Front Matter

Front Matter

International Monetary Fund
Published Date:
January 1992
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Annual Report, 1992

International Standard Serial Number: ISSN 0250-7498


Annual Report of the Executive Board for the Financial Year Ended April 30, 1992

Washington, D.C.

The following symbols have been used in this Report:

  • … To indicate that data are not available:
  • — To indicate that the figure is zero or less than half the final digit shown, or that the item does not exist;
  • - between years or months (e.g., 1991-92 or January-June) to indicate the years or months covered, including the beginning and ending years or months;
  • / between years (e.g., 1991/92) to indicate a crop or fiscal (financial) year.
  • “Billion” means a thousand million.
  • Minor discrepancies between constituent figures and totals are due to rounding.
  • All references to dollars are to U.S. dollars unless noted otherwise.

International Monetary Fund

Managing Director and Chairman of the Executive Board

Michel Camdessus

Deputy Managing Director

Richard D. Erb

Executive DirectorsExecutive Directors
Thomas C.Dawson IIQuincy M.Krosby
David PeretzPaul Wright
Bernd GoosBernd Esdar
Jean-Pierre LandauIsabelle Martel
Hiroo FukuiNaoki Tabata
Muhammad Al-JasserAbdulrahman Al-Tuwauri
Jacques de GrooteJohann Prader
Renato FilosaIoannis papadakis
Angel TorresRoberto Marino
G.A.PosthumusZarko Trbojevic
Mohamed FinaishAzizali F.Mohammed
C.Scott ClarkGabriel C.Noonan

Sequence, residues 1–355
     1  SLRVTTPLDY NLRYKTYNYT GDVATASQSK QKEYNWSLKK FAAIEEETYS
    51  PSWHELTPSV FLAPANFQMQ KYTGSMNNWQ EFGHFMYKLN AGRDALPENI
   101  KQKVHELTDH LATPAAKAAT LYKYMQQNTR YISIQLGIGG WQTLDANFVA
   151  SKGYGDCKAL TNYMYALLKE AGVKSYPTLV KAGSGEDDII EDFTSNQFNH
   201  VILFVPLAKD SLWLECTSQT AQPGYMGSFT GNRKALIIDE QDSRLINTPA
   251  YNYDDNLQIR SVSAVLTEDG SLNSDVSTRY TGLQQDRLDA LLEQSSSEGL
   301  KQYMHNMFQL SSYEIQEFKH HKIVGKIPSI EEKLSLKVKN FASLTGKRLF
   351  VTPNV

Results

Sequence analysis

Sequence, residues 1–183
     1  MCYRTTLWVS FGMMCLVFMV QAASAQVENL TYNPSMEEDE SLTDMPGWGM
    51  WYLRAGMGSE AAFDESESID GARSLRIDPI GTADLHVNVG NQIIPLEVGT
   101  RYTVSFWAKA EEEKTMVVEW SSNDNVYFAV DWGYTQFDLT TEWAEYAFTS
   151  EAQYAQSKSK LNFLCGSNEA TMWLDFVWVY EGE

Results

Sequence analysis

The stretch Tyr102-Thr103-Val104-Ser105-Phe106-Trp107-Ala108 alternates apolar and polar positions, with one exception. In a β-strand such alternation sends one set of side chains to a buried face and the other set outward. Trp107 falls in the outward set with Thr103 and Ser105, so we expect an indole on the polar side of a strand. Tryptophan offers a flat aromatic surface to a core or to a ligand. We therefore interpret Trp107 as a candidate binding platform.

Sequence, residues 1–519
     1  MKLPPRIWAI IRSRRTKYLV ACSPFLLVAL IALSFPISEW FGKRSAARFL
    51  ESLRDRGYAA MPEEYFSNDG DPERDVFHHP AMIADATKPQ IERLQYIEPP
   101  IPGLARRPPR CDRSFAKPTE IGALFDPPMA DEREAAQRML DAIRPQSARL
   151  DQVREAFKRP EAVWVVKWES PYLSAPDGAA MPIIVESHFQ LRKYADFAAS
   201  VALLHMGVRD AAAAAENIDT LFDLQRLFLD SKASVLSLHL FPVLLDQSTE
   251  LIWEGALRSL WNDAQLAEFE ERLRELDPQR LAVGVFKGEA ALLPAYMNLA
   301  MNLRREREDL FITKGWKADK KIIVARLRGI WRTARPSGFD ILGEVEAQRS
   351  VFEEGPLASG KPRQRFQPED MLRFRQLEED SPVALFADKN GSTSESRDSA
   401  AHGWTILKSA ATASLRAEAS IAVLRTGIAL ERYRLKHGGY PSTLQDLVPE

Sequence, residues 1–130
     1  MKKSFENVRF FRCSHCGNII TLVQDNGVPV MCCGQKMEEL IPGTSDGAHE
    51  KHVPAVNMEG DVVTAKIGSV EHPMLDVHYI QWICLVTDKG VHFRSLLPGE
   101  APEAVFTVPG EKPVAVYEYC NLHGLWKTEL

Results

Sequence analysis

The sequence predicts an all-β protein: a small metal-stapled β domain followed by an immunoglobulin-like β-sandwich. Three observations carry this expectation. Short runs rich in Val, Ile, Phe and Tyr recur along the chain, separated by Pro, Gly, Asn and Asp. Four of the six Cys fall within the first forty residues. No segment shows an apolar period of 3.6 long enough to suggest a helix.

E.A.EvansR.Lindsay Knight
Ingimundur FridrikssonJon A.Solheim
G.k. AroraL.Eustace N.Fernando
Alexandre KafkaJuan Carlos Jaramillo
J.E.IsmaelTanya Sirivedhin
CHE PeiqinWEI Benhua
Alejandro VéghA.Guillermo Zoccali
Abbas MirakhorOmar Kabbaj
Corentino V.SantosYves-Marie T.Koissy

Senior Officers

Sterie T.Beza*


Michael Mussa*

Economic Counsellor

Mamoudou Tbure*


Leo Van Houtven*


Graeme F. Rea


Administration Department

Mamoudou TourÉ


African Department

Hubert Neiss


Central Asian Department

Massimo Russo


European I Department

John Odling-Smee


European II Department

Shailendra J.Anjaria


External Relations Department

Vito Tanzi


Fiscal Affairs Department

Patrick Fontenay


IMF Institute

Francois P.Gianviti

General Counsel

Legal Department

A.Shakour Shaalan


Middle Eastern Department



Monetary and Exchange

Affairs Department

John T.Boorman


Policy Development and Review Department

Michael Mussa


Research Department

Leo Van Houtven


Secretary’s Department

kunio saito

Southeast Asia and Pacific Department

John B.Mclenaghan


Statistics Department

David Williams


Treasurer’s Department

Sterie T.Beza


Western Hemisphere Department

Warren N.Minami


Bureau of Computing Services

Patrick Delannoy

In Charge

Bureau of Language Services

Andrew J.Beith


Office in Europe (Paris)

Helen B.Junz

Director and Special Trade


Office in Geneva

Alain Coune

Acting Director

Office of Internal Audit and Review

Ian S.McDonald

Chief Editor

*Alphabetical Listing

August 7,1992

Letter of Transmittal to the Board of Governors

August 5,1992

Dear Mr. Chairman:

I have the honor to present to the Board of Governors the Annual Report of the Executive Board for the financial year ended April 30,1992, in accordance with Article XII, Section 7(a) of the Articles of Agreement of the International Monetary Fund and Section 10 of the Fund’s By-Laws. In accordance with Section 20 of the By-Laws, the administrative and capital budgets of the Fund approved by the Executive Board for the financial year ending April 30,1993 are presented in Appendix VIII. The audited financial statements for the year ended April 30,1992 of the General Department, the SDR Department, accounts administered by the Fund, the Staff Retirement Plan, and the Supplemental Retirement Plan, together with reports of the External Audit Committee thereon, are presented in Appendix IX.